All three drivers too score their first Le Mans 24 Hours class win, Roman Rusinov taking a first win at Le Mans to extend his record LMP2 race winning total in the FIA WEC to 18 (in a year that he is not a full season entry!)
Andrea Pizzitola also takes a first Le Mans win too, the talented Silver-ranked Frenchman providing real pace here.
The talents of Jean-Eric Vergne though provided the real punch that saw the early advantage for the team defended with most vigour, put simply this was a race that the team, and all three drivers deserved to win.
The Signatech Alpine Team score another Le Mans podium, their third in three years after a win in 2016 and third in class, fourth overall last year.
Tristan Gommendy pushed very hard at the very end to fend off the attack from TDS Racing and Löic Duval to secure the first Le Mans podium for Graff Racing/SO24, and his third class podium, after 2017’s overall podium with JCDC, the #39 Oreca shared with a pair of Le Mans podium first timers, Jonathan Hirschi and the pantomime villain of last year’s race, Vincent Capillaire.
GTE Pro was another race that saw a lot of pre-event tittle tattle, this time almost exclusively around Balance of Performance. There’s one remaining tale on that front and we’ll save it for later
For now this is about the winners and that, in emphatic style, was Porsche, the splendid 911 RSR grabbed the headlines at launch for its mid-engined configuration, then last year for a fabulous soundtrack with a revised exhaust, then at Test Day for the master stroke of the pair of heritage liveries on the pair of FIA WEC cars and now with the car’s first WEC win on the World Championship’s biggest stage.
It was the #92 ‘Pink Pig’ that took the win, the Porsche’s were too fast, for too long, to be challenged, only Ford able to truly challenge across the whole race length.
All three drivers of the #92: Kevin Estre, Michael Christensen and Laurens Vanthoor claim their first class wins at Le Mans.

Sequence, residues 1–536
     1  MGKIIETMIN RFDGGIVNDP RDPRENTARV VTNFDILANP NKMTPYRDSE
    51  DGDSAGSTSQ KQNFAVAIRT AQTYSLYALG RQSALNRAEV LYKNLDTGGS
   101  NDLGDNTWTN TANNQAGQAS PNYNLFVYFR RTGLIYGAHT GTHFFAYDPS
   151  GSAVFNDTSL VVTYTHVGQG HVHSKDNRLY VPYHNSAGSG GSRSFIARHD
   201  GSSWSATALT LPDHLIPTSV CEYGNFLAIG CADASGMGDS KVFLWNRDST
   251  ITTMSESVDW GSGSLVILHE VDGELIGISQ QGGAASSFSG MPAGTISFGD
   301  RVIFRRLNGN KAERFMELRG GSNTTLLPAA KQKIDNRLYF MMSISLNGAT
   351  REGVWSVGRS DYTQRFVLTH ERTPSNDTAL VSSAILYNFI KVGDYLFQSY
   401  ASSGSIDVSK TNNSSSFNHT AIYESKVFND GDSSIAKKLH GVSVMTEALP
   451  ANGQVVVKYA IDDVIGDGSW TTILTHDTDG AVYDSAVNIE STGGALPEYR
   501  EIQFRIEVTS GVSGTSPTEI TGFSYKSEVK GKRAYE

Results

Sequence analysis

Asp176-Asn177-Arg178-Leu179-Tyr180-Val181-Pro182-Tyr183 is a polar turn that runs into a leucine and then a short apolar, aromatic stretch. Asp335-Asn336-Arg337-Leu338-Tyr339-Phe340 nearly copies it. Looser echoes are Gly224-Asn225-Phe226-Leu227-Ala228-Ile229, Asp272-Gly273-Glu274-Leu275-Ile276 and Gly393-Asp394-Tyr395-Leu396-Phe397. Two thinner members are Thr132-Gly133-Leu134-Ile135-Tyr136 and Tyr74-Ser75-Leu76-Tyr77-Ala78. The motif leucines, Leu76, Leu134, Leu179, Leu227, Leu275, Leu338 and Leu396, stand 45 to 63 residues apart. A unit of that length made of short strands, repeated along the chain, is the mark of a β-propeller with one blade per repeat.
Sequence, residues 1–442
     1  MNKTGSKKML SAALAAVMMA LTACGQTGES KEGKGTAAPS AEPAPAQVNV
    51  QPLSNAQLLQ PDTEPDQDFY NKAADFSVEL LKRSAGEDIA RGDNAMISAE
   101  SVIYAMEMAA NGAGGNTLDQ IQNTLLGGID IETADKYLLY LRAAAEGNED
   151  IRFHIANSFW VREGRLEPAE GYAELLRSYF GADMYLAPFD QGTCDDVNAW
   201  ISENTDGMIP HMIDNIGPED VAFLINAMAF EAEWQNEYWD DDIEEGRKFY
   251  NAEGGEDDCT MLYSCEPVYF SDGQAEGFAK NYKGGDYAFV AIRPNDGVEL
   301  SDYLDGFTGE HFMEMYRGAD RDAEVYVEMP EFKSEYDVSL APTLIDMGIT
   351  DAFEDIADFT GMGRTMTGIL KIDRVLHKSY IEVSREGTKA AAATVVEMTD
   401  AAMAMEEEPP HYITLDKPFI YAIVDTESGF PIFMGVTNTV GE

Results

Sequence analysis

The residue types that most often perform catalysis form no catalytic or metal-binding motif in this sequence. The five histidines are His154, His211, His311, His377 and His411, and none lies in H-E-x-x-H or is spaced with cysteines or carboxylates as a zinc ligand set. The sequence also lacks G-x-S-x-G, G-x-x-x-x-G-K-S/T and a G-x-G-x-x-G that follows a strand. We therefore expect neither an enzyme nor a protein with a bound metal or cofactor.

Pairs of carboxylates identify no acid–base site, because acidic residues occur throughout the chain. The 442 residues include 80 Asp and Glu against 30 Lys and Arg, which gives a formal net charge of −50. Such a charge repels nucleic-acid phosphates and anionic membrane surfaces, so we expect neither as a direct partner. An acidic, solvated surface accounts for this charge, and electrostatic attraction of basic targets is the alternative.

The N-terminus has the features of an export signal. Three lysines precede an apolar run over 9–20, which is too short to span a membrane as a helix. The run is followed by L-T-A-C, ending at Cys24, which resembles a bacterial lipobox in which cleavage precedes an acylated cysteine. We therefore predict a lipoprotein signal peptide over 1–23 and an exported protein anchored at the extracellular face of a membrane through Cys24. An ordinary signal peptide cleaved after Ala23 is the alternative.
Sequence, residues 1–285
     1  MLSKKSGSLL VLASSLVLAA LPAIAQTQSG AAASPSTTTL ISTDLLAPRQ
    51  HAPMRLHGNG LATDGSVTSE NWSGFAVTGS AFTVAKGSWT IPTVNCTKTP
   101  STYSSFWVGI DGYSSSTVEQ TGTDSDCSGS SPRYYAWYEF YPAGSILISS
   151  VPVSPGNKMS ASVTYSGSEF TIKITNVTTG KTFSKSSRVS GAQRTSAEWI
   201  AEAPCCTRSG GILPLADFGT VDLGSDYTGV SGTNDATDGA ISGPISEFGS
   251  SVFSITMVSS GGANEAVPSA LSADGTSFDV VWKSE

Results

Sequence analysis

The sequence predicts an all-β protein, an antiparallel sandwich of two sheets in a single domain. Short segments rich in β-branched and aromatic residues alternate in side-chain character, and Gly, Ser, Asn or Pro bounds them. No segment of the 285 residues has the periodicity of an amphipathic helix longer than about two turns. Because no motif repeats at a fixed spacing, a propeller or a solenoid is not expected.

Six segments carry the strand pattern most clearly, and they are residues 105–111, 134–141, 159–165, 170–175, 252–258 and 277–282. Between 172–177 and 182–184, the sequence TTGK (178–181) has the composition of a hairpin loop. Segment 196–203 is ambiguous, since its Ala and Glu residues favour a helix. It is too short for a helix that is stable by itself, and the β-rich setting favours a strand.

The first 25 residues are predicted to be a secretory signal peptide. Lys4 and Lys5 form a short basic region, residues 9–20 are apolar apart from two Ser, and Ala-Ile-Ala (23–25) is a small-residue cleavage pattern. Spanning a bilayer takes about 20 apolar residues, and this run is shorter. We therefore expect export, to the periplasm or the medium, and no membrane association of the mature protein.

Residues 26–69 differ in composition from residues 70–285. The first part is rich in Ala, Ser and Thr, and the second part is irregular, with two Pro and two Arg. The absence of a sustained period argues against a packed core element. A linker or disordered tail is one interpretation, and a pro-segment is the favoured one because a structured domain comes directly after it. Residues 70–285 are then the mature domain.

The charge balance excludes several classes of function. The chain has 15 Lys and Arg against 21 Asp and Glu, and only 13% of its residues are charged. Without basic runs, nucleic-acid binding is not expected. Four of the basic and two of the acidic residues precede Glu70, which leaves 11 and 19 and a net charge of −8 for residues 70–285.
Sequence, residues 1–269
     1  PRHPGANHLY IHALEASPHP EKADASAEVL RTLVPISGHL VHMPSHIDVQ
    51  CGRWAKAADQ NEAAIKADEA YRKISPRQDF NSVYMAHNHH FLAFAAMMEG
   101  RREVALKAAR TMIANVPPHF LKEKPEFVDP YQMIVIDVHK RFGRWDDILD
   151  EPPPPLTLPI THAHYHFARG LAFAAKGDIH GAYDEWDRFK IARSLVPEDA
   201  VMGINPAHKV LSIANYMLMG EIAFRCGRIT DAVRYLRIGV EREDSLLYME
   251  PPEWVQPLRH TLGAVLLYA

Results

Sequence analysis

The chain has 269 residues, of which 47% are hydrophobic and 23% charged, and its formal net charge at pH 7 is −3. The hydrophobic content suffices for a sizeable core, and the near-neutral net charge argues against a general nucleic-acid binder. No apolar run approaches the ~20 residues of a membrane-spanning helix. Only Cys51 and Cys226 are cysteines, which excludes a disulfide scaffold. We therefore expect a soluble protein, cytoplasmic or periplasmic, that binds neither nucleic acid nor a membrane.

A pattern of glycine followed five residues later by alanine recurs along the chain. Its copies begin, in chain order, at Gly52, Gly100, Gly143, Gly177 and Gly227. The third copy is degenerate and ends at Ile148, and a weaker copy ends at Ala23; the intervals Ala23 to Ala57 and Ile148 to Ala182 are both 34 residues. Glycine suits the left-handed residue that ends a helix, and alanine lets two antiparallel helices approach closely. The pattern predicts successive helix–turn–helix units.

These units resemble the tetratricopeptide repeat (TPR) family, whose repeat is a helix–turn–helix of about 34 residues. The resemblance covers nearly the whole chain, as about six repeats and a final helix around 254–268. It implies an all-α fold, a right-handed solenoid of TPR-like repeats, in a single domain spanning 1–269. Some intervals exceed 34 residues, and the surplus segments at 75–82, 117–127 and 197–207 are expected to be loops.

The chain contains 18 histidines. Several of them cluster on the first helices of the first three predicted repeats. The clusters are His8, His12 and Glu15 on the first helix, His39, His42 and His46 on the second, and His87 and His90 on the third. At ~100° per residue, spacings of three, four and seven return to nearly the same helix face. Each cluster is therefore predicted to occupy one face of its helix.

It is Porsche’s first win in GTE Pro at Le Mans since 2013, and, even more astoundingly, their first GTE Pro podium since 2014.
As with Overall winners Toyota they celebrate that breakthrough with a 1,2, the sister #91 ‘Rothmans’ 911 RSR with Gimmi Bruni scoring his sixth podium finish, including three class wins, Richard Lietz his fifth, including three wins, and Fred Makowiecki his third podium here, he’s still without a win.
For Ford the third place will be a real disappointment, they provided huge entertainment, and some truly wheel to wheel racing but the 2016 class winning trio of Joey Hand, a third podium finish, Sebastien Bourdais, a fifth podium here, and Dirk Müller, a fourth podium, will likely feel this could have been better for the #68 Ford GT.
Dempsey Proton Racing take home the class win in their #77 Porsche 92 RSR, the team’s second class win at Le Mans, after taking the GT2 class win in 2011.
Matt Campbell, Julien Andlauer and Christian Ried score their first Le Mans class wins, Ried adding this win to a second place in class in 2014, Campbell and Andlauer on their Le Mans debuts, the Porsche 911 RSR on its GTE Am debut.
Thomas Flohr and Francesco Castellacci take their first Le Mans class podiums in the #54 Spirit of Race Ferrari. Their new team-mate for 2018 Giancarlo Fisichella takes a sixth Le Mans class podium, his first in GTE Am.
The #85 Keating Motorsport Ferrari completed the GTE Am podium with third, Luca Stolz another to score a podium on his debut, Ben Keating a first appearance on the podium at his fourth attempt and Jeroen Bleekemolen a second appearance on a class podium after his LMP2 win a decade ago.